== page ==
17 After polio eradication has been officially certified, the oral polio vaccine will still be in use. At this point the GPEI will have been disbanded. It is not clear that there is a plan for this eventuality.


1 A very high-level GPEI leader should be appointed to strengthen the cohesiveness of the joint working of the Pakistan and Afghanistan governments. The person appointed should have the seniority and personal qualities to operate effectively in this role and should be perceived as politically neutral. The person should work out of Geneva, not the WHO Eastern Mediterranean Office (EMRO). In post by mid-September 2016.

2 The WHO Eastern Mediterranean Office (EMRO) should appoint a senior female official to its Polio Programme team. She should be charged with rapidly strengthening the role and capacity of female workers in the successful delivery of polio immunization (and in due course routine immunization). She should give immediate attention to removing the barriers to progress in Afghanistan. In post by end September 2016.

3 CDC Atlanta should facilitate the Polio Programmes in Pakistan and Afghanistan in undertaking a full process mapping of Acute Flaccid Paralysis (AFP) reporting and assessment. This should involve evaluating the shortfalls in quality in each step of the process and identify measures to strengthen them. It should be well informed with detailed local knowledge of the current situation and sufficiently granular to take account of context-specific aspects of the process that will vary from place to place. An action plan, informed by this work, should be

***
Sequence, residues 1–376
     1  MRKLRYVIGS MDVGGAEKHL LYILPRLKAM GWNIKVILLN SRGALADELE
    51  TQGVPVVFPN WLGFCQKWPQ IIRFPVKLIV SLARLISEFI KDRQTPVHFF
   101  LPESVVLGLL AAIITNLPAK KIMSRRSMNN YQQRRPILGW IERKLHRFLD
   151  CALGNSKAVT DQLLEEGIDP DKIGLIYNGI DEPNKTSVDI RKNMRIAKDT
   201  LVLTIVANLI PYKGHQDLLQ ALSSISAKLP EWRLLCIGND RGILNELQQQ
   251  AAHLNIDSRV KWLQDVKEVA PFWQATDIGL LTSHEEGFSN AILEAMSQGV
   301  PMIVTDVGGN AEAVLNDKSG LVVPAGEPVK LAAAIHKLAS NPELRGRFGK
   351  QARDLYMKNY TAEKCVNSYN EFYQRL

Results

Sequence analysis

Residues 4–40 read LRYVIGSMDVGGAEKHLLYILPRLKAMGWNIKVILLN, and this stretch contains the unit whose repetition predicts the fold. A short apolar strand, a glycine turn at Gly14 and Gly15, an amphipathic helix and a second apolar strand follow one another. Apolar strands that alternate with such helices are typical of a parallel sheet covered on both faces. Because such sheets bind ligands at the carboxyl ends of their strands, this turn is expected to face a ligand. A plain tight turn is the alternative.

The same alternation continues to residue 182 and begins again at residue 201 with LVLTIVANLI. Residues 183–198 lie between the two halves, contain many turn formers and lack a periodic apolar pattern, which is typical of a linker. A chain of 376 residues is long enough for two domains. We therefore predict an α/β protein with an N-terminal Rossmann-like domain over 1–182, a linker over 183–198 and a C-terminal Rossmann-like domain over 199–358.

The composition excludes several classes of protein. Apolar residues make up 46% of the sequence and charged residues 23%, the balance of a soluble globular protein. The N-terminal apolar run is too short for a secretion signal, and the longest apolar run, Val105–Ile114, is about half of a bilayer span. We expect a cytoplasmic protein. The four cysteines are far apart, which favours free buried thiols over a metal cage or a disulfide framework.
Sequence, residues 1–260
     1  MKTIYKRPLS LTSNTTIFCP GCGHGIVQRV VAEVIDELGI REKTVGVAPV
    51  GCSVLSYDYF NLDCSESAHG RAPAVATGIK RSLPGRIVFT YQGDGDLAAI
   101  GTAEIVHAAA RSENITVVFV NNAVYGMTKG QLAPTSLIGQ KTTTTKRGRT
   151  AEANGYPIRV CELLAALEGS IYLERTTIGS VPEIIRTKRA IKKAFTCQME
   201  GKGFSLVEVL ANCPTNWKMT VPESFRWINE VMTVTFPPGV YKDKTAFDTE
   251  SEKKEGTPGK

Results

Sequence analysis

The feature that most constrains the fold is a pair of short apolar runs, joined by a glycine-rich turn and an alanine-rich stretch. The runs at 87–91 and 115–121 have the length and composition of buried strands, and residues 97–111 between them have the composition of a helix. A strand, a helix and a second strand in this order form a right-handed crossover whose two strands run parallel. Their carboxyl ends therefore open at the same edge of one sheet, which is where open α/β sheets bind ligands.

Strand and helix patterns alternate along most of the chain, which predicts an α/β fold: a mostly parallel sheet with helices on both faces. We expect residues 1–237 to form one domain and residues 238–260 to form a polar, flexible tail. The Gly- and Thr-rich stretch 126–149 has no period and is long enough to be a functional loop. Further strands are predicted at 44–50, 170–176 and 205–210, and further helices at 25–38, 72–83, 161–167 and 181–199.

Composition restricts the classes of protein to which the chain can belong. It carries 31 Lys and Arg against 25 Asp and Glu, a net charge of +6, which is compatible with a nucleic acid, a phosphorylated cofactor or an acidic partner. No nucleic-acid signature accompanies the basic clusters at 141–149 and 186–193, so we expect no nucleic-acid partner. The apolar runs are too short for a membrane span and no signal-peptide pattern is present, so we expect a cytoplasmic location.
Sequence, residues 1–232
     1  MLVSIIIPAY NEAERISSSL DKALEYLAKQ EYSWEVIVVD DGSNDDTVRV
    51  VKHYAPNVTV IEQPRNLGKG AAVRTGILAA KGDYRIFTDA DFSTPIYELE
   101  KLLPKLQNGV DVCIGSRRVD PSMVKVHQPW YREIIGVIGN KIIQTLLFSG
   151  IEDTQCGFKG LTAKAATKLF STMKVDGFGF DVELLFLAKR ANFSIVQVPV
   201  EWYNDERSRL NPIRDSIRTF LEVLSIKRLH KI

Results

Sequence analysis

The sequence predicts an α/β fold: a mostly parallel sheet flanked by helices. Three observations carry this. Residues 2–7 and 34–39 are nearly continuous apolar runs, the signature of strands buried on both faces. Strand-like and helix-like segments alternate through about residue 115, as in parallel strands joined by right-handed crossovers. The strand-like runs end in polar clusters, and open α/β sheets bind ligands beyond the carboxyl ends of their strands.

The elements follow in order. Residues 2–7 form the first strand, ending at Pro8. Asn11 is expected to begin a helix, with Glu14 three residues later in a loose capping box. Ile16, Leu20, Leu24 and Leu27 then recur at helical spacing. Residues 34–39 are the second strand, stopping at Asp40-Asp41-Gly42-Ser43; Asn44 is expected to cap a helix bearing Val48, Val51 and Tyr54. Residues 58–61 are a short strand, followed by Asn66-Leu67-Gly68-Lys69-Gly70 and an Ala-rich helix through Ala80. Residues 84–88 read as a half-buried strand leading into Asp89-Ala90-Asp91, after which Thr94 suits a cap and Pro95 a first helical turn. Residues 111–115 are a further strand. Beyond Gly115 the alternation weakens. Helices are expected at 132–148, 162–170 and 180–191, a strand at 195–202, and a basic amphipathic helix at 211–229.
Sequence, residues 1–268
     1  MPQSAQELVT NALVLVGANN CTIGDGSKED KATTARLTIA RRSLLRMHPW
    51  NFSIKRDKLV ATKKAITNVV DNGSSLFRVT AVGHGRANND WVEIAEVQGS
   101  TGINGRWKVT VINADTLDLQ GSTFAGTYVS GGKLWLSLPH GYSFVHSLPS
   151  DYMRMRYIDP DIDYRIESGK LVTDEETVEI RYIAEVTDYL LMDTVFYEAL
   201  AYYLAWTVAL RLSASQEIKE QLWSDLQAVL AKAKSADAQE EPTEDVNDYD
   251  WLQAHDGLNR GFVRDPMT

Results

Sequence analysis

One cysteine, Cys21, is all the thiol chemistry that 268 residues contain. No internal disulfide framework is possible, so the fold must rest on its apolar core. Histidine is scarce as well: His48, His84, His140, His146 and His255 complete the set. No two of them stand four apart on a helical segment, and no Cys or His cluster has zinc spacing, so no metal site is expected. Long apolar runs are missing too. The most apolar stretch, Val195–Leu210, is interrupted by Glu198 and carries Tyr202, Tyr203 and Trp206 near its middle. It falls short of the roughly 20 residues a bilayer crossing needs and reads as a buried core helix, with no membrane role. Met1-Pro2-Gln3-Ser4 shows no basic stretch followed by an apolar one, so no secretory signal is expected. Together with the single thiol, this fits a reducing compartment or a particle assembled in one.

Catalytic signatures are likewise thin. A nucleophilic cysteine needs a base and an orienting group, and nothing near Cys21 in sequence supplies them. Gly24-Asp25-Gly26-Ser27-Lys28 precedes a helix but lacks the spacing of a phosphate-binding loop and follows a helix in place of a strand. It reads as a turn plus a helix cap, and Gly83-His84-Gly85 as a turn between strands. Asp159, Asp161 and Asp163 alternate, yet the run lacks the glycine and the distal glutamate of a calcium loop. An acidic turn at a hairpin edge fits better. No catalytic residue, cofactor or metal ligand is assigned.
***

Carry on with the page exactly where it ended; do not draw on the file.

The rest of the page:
immediately implemented in Karachi, as a pilot, and its impact monitored. Completed by end-
September 2016.

4 The GPEI should introduce a system of financial incentives for reporting Acute Flaccid Paralysis (AFP) cases in Pakistan. To this end, any healthcare worker who reports a case should be paid, with a higher payment being given for confirmed cases. Safeguards should be built in for independent validation to prevent unfair manipulation of the system. The scheme should
be piloted in Karachi where awareness of frontline healthcare staff is very low. The urgent advice of public health officials in the Egyptian government should be sought in designing the scheme. Operational by end September 2016.

5 UNICEF should specially commission rapid qualitative data gathering to provide an in-depth understanding of the reasons for poor performance on social indicators in communities within the Pakistan-Afghanistan Core Reservoirs. Report of the findings to be with the IMB by end-September 2016.